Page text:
Justice For All
How to balance the bias in the legal profession.
Sep 29, 2008, Vol. 14, No. 03 • By CHARLOTTE ALLEN
The Rise of the Conservative Legal Movement, densely packed, meticulously annotated, and thus not exactly bedtime reading, chronicles in minute detail the long road from the Nixon to the current Bush era, along which an array of dedicated conservatives that included maverick law professors, entrepreneurial lawyers, and shrewd and farsighted funders at the now-defunct John M. Olin Foundation (which granted Teles free access to its archives for his research) and other right-of-center foundations, managed to cobble together enough of a network of key institutions, a legally conservative "new class" (as Teles calls it) in Washington and elsewhere not only to ensure that Republican judicial appointments were less of a crapshoot but to influence the courts themselves and the legal thinking behind their rulings.
The process is far from complete for, as Teles notes, conservatives have yet to displace the liberal legal network that currently dominates the courts, the law schools, and an oligarchy of public-interest law firms that comprises such left-leaning heavyweights as the American Civil Liberties Union, the NAACP Legal Defense Fund, the Mexican American Legal Defense and Educational Fund, and the Environmental Defense Fund. Nonetheless, the very fact that conservatives have managed to compete at all with the pluripotent and massively funded (thanks to the federal government and the Ford Foundation) liberal legal establishment is, in itself, a kind of miracle because, during the late 1960s and early '70s conservatives were largely locked out of the law schools' professoriate, nearly absent from the vast government legal bureaucracies (such as the Justice Department), and waning in influence even in such putatively neutral professional organizations as the American Bar Association.
The New Deal had attracted bright young legal liberals into government agencies, which in turn bloomed under expansive New Deal legislation, and by the 1960s those same liberals were staffing law school faculties and the judiciary. The latter institution not only fed the liberal beast ideologically by churning out court decisions supporting expansive views of both government power and hitherto undiscovered constitutional rights, but fed it financially by requiring the government to support liberal law firms and their lawyers via mandated attorney's fees. (Gideon v. Wainwright, the 1963 decision of the Warren Court ordering local governments to supply lawyers to indigent criminal defendants, set a precedent for taxpayer subsidies to the liberal bar.) With assured sources of income thus at hand, "public interest" law, aimed at setting public policy in courts rather than legislatures, burgeoned exponentially during the 1960s and '70s at the hands of liberal lawyers.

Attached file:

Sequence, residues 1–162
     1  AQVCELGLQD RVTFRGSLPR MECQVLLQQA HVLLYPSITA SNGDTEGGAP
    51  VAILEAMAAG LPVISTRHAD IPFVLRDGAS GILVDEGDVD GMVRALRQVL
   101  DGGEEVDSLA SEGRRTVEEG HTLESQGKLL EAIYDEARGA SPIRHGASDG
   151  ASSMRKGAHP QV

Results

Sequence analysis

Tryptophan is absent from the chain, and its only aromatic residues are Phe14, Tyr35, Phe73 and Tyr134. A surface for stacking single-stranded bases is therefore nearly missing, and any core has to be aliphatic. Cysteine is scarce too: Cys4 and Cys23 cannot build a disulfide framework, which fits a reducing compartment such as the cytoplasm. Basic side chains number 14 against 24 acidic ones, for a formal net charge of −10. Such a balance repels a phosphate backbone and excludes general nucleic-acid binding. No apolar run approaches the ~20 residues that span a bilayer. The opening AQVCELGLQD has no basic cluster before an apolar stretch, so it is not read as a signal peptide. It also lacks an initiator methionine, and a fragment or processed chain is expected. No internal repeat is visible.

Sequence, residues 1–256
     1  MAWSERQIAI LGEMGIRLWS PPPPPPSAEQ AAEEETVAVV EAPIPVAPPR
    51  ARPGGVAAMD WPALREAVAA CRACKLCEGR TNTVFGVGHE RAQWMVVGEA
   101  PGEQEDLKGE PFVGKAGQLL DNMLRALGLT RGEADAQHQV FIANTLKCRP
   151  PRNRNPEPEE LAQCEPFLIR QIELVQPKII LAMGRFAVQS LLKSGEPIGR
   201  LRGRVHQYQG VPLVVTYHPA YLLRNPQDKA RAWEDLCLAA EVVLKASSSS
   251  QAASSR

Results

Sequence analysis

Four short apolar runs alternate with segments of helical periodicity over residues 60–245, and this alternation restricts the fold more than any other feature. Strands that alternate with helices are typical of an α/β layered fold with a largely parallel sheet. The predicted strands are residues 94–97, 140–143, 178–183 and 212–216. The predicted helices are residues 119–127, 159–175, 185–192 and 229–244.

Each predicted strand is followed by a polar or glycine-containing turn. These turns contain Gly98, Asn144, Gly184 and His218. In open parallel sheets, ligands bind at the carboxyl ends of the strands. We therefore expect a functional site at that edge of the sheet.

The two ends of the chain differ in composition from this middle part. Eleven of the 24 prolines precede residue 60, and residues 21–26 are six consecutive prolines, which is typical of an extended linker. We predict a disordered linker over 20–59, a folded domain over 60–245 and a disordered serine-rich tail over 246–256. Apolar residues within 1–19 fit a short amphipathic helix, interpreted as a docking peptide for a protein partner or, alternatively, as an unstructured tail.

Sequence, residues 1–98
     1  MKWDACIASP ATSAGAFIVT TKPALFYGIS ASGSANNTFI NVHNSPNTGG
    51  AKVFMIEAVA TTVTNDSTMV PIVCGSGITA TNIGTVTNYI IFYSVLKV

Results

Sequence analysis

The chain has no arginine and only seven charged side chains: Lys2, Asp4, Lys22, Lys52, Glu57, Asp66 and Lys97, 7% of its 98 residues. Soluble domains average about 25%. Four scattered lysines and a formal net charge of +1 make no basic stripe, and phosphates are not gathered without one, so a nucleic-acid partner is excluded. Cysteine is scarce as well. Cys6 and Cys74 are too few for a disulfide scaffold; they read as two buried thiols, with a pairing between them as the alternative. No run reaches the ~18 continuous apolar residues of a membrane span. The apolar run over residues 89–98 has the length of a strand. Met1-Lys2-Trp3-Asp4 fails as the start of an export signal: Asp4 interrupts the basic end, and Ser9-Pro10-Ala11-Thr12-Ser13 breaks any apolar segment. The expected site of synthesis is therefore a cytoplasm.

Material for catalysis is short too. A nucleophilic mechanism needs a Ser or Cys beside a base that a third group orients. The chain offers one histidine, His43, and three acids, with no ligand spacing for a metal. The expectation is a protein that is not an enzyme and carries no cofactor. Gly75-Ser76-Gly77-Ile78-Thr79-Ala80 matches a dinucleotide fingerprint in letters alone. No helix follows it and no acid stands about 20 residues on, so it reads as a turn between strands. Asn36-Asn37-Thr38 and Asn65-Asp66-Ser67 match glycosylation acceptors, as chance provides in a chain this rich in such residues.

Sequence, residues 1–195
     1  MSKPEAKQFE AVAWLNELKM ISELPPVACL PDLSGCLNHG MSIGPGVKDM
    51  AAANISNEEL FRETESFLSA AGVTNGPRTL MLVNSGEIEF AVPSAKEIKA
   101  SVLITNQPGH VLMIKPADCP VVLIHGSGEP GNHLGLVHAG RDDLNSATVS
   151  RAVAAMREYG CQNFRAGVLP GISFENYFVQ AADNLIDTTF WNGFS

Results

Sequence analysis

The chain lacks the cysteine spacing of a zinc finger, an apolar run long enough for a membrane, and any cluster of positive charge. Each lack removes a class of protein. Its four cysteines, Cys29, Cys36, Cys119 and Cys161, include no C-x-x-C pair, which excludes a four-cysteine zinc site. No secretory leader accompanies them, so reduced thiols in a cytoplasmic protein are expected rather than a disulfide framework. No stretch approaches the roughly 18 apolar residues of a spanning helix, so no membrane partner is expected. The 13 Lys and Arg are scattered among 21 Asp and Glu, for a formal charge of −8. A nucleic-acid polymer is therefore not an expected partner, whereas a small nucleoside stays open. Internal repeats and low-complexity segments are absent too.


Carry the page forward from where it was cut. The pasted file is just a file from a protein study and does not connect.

As law professors, those same liberals (or their academically inclined soul brothers) fed their ideas to a fashionably radical crop of '60s/'70s law students, and those students eventually came to staff not only the public-interest firms but private law firms as well, where they donated their services in pro bono work for liberal causes and began climbing the ranks of the influential bar associations. The ABA's split vote in 1987 to deny Reagan's Supreme Court appointee Robert Bork a "well qualified" rating, despite his distinguished career as a federal appellate judge and Yale law professor (a vote that helped sink his Senate confirmation), showed how thoroughly the left had marched through traditional legal institutions.
As the Nixon and Reagan presidential victories indicated, the right had plenty of grassroots support but was nearly powerless in the increasingly powerful court system, a system in which elites count. Teles chronicles the right's only partially successful efforts to gain a foothold in a generally hostile legal establishment. He focuses on two of those efforts: the creation of conservative public-interest law firms aimed at rolling back liberal victories in the courts, and moves to change the culture of the law schools, by way of conservative networks such as the Federalist Society, founded in 1982, and the "law and economics" movement among free market-inclined law professors that cast a critical eye on the monetary and social costs of expansive legal doctrines. The conservative public interest firms sought to change the direction of judicial rulings, while the law and economics movement sought to change the nature of the legal thinking that has churned out generations of liberals in the bar and on the bench.